If you have an outdoorsy cat, it’s probable that at some point he or she has been in an argument with another neighbourhood wanderer and ended up with some cat bite wounds.
Cats tend to be territorial, especially males, and most especially males who are not neutered.
Whilst there are some cats who love a good brawl, even docile pets who keep to themselves are at risk of being assaulted by a tom cat.
Therefore, any pet cat who spends some time outside is at risk of developing bite abscesses and other skin lacerations. If you’ve ever been bitten by a cat, you will know how painful a bite can be. In addition, cat bite wounds almost always become infected, so pain relief and antibiotics are usually needed. Sometimes minor surgery is required for larger wounds.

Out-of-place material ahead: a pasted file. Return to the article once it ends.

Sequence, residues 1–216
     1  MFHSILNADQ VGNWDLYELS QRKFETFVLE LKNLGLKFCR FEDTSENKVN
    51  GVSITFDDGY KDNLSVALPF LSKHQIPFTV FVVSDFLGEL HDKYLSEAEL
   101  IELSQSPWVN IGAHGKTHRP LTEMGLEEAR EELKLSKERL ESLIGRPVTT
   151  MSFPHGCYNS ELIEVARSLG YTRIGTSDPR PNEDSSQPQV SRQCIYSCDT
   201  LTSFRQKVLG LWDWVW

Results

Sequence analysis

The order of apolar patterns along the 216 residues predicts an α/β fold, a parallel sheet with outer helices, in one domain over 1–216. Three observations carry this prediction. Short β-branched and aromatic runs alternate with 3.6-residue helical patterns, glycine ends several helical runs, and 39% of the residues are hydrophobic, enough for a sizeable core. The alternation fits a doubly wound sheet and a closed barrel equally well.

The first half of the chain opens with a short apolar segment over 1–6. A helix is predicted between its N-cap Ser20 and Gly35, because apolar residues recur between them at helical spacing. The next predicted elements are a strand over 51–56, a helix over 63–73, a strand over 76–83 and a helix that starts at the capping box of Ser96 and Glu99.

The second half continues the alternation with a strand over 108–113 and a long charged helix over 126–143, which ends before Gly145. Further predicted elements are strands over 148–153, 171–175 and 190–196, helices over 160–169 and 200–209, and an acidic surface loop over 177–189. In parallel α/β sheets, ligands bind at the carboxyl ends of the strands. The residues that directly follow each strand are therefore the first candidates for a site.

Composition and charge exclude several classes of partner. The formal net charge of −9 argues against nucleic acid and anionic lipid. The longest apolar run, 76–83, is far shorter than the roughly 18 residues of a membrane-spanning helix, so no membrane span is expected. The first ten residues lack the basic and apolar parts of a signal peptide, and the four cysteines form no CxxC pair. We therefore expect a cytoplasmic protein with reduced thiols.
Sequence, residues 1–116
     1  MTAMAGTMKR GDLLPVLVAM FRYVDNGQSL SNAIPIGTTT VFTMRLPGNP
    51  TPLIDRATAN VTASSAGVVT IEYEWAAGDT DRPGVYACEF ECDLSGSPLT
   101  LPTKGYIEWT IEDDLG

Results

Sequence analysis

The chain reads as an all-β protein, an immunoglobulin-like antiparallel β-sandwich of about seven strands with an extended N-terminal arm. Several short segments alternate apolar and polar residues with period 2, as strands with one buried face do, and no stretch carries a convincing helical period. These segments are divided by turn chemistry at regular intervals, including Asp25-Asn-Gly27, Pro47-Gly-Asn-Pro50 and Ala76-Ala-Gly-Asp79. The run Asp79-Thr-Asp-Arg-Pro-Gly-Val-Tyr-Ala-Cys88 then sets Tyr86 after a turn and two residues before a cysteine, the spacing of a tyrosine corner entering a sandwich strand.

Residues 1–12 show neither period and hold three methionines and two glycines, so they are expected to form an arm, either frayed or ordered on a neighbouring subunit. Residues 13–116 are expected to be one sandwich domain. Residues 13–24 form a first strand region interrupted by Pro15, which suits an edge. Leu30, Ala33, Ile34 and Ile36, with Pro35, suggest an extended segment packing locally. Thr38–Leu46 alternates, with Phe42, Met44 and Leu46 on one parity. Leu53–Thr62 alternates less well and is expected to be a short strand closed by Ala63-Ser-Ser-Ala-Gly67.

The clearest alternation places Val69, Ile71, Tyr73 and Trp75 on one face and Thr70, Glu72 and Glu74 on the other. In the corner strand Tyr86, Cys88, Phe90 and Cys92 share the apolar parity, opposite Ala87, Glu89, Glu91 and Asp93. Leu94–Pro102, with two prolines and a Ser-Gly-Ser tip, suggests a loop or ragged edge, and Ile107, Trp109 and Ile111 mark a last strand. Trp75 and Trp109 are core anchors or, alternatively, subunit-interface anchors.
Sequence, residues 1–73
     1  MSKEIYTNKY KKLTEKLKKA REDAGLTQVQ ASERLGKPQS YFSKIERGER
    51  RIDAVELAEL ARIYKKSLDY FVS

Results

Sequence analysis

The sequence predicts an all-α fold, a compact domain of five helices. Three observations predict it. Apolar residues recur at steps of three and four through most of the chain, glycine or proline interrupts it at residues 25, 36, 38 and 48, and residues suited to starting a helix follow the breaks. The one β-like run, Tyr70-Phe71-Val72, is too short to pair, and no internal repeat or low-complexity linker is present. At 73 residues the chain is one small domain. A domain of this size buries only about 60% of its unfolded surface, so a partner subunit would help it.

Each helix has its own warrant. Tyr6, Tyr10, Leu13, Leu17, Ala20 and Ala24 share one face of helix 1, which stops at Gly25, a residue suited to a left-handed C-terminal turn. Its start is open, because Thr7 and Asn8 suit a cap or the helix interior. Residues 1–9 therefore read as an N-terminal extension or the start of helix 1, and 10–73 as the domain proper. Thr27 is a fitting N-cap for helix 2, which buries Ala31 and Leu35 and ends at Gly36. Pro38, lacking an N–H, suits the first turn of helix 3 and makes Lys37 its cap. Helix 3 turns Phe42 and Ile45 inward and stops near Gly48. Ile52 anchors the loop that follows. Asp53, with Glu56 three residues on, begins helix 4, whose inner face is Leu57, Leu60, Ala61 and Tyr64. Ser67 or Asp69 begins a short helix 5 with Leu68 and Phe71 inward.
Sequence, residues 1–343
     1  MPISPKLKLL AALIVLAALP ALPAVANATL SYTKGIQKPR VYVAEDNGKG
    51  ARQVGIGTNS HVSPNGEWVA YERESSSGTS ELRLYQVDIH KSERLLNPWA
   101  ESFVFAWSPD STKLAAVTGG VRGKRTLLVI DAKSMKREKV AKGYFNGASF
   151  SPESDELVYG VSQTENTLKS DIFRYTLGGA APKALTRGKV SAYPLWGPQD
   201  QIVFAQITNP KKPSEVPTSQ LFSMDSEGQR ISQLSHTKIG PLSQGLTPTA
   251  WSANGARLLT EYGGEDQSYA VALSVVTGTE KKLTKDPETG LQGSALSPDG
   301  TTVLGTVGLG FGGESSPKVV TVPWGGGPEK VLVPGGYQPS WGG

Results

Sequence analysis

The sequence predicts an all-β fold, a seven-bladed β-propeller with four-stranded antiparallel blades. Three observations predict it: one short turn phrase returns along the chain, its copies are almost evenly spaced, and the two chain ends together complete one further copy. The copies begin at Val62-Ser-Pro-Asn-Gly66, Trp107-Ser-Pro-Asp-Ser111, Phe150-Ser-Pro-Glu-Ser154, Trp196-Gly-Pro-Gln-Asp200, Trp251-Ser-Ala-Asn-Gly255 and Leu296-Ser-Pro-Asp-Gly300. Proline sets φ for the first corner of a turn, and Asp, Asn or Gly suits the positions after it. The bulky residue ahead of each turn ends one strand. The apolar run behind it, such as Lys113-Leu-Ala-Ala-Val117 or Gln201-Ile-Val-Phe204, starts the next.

It is essential that any cat who spends time outdoors, even on their own patch, be protected with a vaccination for Feline Leukaemia Virus (FELV) annually.This infection is carried by those roaming tomcats who transmit the virus in their saliva.
Feline Immunodeficiency Virus (FIV) is another infection that can be transmitted in this way. Unfortunately, we do not yet have an effective vaccine for this disease.
What needs to be done?
If you suspect your cat has been in a fight please have them checked by one of the vets.
If you are unsure whether or not your cat has had a vaccine for FeLV, we will check our records or request clinical history from your previous vet.